Boohoo to investigate ‘unsafe’ conditions at Leicester factory

The Boohoo brand is often promoted by celebrities
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Low-cost fashion retailer Boohoo has ordered an independent review into its UK supply chain following reports of poor pay and working conditions at a Leicester factory.

Earlier this week the company said it would investigate conditions with suppliers after the Sunday Times reported that workers at Jaswal Fashions, a garment factory in Leicester, were being paid £3.50 an hour, and that working conditions were unsafe, with few measures in place to stop the spread of coronavirus.

The brand’s products have since been dropped by Next and Asos amid the claims that workers have been underpaid and put at risk. Shares in the company have also dropped by half.

Leicester is currently under a localised lockdown after a spike of Covid-19 cases in the city.

Boohoo has claimed that Jaswal is not one of its declared suppliers and believes a different company is using the premises. The retailer said “we are currently trying to establish the identity of this company”.

In a statement to investors, it said: “We are taking immediate action to thoroughly investigate how our garments were in their hands, will ensure that our suppliers immediately cease working with this company, and we will urgently review our relationship with any suppliers who have subcontracted work to the manufacturer in question.”

The Sunday Times revealed details of the conditions at the factory after an undercover reporter got a job there, and was told to expect pay between £3.50 and £4 an hour, despite the national minimum wage for someone over 25 being £8.72 an hour.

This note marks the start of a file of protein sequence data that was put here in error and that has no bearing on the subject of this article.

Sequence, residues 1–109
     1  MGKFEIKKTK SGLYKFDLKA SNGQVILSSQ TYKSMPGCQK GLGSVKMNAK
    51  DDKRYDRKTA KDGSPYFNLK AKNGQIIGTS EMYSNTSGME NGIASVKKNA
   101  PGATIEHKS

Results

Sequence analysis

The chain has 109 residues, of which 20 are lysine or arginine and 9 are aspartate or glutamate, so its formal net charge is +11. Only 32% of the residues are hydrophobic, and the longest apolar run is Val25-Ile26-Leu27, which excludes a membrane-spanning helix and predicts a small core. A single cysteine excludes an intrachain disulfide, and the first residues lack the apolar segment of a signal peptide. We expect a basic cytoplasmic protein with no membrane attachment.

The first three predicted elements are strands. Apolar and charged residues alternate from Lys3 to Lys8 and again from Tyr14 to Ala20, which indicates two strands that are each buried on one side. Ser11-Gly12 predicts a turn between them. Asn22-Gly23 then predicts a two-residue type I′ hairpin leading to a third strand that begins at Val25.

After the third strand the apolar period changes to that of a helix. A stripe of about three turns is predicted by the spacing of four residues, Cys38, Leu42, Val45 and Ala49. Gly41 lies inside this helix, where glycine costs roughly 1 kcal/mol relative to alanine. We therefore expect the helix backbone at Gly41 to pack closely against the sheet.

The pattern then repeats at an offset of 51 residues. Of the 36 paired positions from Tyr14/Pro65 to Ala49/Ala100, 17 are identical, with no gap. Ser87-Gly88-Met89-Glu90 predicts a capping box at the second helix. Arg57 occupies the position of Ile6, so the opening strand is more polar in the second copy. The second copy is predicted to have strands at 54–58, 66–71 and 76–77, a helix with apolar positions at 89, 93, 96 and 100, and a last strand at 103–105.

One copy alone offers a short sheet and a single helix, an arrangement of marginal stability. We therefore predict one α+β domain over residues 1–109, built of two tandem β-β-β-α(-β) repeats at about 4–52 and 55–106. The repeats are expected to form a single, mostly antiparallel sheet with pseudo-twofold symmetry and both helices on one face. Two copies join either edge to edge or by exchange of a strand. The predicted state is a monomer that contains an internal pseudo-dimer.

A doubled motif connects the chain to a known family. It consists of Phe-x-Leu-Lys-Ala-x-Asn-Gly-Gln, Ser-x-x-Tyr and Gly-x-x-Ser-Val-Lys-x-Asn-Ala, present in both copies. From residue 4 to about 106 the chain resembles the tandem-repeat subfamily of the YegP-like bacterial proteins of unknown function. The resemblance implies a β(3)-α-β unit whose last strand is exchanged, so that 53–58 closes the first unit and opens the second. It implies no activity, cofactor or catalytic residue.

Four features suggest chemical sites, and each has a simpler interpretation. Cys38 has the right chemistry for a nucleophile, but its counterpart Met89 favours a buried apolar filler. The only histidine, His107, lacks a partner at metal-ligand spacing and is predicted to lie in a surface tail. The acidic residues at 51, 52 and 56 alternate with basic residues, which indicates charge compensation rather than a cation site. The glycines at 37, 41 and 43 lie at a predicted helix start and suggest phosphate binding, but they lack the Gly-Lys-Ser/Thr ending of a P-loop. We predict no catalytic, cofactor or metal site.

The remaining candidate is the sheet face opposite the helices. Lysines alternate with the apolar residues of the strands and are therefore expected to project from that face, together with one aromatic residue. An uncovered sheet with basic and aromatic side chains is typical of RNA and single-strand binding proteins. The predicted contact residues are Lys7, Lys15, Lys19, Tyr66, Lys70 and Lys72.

The reporter said that few workers were wearing masks or practising social distancing, despite the localised lockdown.

Workers’ rights group Labour Behind the Label has already claimed that some employees in Leicester factories have been forced to come into work despite being sick with Covid-19. Boohoo responded at the time that it would not tolerate any non-compliance with pandemic working rules.

Last week home secretary Priti Patel asked the National Crime Agency to investigate modern slavery in Leicester clothing factories after a number of reports from whistleblowers.

The company said it had brought in a third-party advisory company to ensure its working practices met the required standards.

The statement added: “Our support for UK manufacturing is not driven by price; in fact, overseas pricing is much more competitive. Our international distribution centre is located in the UK and having a local supply base enables shorter lead times and supports our agile business model. In 2019, we retained the services of a third party compliance specialist to strengthen our compliance and auditing programme.

“Boohoo are keen and willing to work with local officials to raise standards because, we are absolutely committed to eradicating any instance of non-compliance and to ensuring that the actions of a few do not continue to undermine the excellent work of many of our suppliers in the area, who work tirelessly to provide good jobs and good working conditions.”

Announcing the investigation, it said it would spend an initial £10m “to eradicate supply chain malpractice”, and was accelerating an independent third party supply chain review with ethical audit and compliance specialists, Verisio and Bureau Veritas.

The initial findings will be reported in September.

This article was updated on 8 July. 

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